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In Our Hearts Stories

Less than 20% of those diagnosed with a brain tumour survive beyond five years

Stuart Edwards

Retired sales manager Stuart Edwards, from Alcester, near Stratford-upon-Avon, had been back and forth to the doctors, complaining of pressure behind his eye, for 18 months before his diagnosis with a brain tumour. A fit and healthy amateur climber and mountaineer, his illness shook his three daughters, Kate, Heather and Fiona, to the core. Stuart died just four months after his diagnosis, aged 69. Now, 13 years after his death, his daughter Kate is taking part in the Virgin Money London Marathon to raise funds for the charity Brain Tumour Research.

Here is Stuart’s story, as told by his daughter, Kate…

It seems very cruel that Dad lost his life to a brain tumour. He was fit, active and healthy, loved climbing, and was a keen walker and mountaineer – nicknamed the mountain goat by his friends and colleagues. A strict vegetarian for more than forty years, he had a good diet and a zest for life. His diagnosis emphasised the indiscriminate nature of brain tumours and it was tragic that such a healthy man had his life cut short by this dreadful disease.

 “Dad was a man of integrity. He was a fair, honest man and enjoyed singing in Alcester Male Voice Choir for most of his life. It’s frustrating that he went back and forth to the GP for 18 months before his diagnosis in March 2007.”

Stuart Edwards

In July 2005, shortly after I gave birth to my first son, Jack, Dad started complaining of pressure behind his right eye. He had a procedure which was supposed to alleviate the pressure but his symptoms didn’t improve; he was constantly at the doctors and kept saying that he just wasn’t feeling right. Eventually, he was referred to Birmingham Eye Hospital, where the consultants thought he had cataracts.

It wasn’t until 18 months later that Dad’s condition deteriorated. I remember being on the phone with him, after he had returned from a holiday in Lanzarote. He couldn’t hold a conversation and his speech sounded different. I knew he was trying to mask the way he was feeling, but I could tell he wasn’t well.

A week passed and Dad’s speech got even worse. His partner took him to Birmingham City Hospital, where I travelled from Solihull to be with them. We couldn’t believe it when we were told that Dad had probably had a stroke. Still, we thought he would have treatment and recover. Dad was upset but never imagined he wouldn’t get through the ordeal.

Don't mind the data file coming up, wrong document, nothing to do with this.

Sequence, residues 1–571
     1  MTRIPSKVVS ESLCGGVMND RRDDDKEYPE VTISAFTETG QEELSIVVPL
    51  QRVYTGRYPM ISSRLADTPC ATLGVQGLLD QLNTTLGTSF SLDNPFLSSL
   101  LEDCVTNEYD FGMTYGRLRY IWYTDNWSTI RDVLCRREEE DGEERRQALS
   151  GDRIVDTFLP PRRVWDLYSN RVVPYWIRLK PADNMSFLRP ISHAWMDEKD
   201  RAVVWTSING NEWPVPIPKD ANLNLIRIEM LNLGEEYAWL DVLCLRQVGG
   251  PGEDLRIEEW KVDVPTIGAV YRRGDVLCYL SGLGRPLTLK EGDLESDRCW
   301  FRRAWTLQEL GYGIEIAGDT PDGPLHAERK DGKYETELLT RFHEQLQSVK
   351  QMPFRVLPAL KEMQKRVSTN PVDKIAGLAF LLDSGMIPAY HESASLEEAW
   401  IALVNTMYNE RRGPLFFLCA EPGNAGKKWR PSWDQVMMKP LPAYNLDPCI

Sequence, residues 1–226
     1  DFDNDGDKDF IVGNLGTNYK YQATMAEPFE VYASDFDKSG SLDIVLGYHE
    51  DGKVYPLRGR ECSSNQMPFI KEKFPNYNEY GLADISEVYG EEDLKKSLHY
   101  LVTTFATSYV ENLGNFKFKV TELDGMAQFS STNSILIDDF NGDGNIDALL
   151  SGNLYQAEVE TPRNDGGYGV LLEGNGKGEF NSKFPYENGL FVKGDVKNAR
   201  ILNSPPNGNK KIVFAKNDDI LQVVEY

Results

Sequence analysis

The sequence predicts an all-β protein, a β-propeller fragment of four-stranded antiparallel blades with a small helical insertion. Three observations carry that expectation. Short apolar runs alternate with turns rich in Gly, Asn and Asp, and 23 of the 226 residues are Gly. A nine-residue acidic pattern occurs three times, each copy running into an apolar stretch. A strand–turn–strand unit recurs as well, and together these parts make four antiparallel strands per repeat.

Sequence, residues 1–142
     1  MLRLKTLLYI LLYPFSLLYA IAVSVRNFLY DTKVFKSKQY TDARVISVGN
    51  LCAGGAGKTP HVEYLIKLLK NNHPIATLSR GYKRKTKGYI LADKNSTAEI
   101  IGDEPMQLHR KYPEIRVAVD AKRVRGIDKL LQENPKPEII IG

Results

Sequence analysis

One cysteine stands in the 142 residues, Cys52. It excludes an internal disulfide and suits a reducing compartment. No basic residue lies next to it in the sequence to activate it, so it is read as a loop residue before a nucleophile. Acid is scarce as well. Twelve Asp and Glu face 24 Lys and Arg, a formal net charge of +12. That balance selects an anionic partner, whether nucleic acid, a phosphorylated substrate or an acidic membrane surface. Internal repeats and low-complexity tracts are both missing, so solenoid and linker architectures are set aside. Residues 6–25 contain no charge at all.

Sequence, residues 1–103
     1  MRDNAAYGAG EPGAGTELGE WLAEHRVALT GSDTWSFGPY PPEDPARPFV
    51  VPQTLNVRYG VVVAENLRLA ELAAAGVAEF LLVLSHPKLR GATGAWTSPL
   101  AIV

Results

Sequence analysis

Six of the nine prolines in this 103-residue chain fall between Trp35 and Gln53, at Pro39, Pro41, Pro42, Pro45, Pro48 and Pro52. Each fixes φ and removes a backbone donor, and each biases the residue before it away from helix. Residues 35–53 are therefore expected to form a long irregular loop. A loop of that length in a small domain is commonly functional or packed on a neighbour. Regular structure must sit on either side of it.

“Just as we thought we’d heard the worst of the news, Dad had an MRI scan which revealed results that changed our lives forever.”

The doctor looked down as he took us into a side room and I knew it wasn’t going to be good news. He diagnosed Dad with two brain tumours, one behind his eyes, extremely dangerous to operate on, and another in the middle of his brain. Suddenly the symptoms, pressure behind his eye and trouble communicating, made sense.

Dad was transferred to the Queen Elizabeth Hospital (QE) in Birmingham and, because of the locations of the tumours, deep in his brain, he was told he had a ‘slim chance of surviving two years’. Treatment was limited and going to be extremely difficult, but the doctors said Dad had a very healthy heart and lungs, because he was very active, and that gave us a glimpse of hope.

Despite the risks, Dad had surgery to try and remove parts of his tumours. The procedure, at the QE, didn’t go well; he was left with irreversible brain damage which permanently affected Dad’s mobility on his left-side and he never really recovered.

Dad had palliative care at his home in Alcester, Warwickshire, in June 2007 and he knew he wasn’t going to get better. He really struggled to come to terms with his journey to death. He didn’t fear death but was really upset he had to suffer so much. We felt frustrated and let down in equal measure.

“Dad stopped drinking fluids and passed away on 24 July 2007. I was there until the end and read a passage about dying as he slipped away, encouraging him it was okay to go to sleep.”

I know that Dad’s faith comforted him in his final days. He believed in reincarnation and it helped him and our family to think his death was not going to be the end. The sun shone and the birds flocked in Dad’s garden just after he passed away.

Stuart Edwards

One of the hardest parts of losing Dad is the memories we will miss out on; the fact he will never get to see his grandchildren grow up. Jack was just 23 months old when his grandad died and my daughter Ava, now seven, never got to meet him. Ava often cries and finds it difficult that she didn’t know her grandad. She shares the same middle name, Reece, as Dad.

Stuart Edwards

Though it’s 13 years since Dad died, I’m determined to keep his memory alive and want to help others affected by brain tumours. I’ve signed up to tackle the Virgin Money London Marathon, my debut marathon, for the charity Brain Tumour Research, in April 2020. Having completed several half marathons last year, I’m under no illusion as to how hard this challenge will be.

“I’m overwhelmed to have already beaten my £3,000 target – having raised more than £3,200 – and I’m very grateful to those who have donated to my page.”

I’m a keen runner, so the marathon will be the perfect fundraiser for a cause very close to my heart. I hope that Dad would be proud of me and I will be thinking of him every step of the way.

Stuart Edwards

 

Kate Thompson
February 2020

 

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Stuart Edwards

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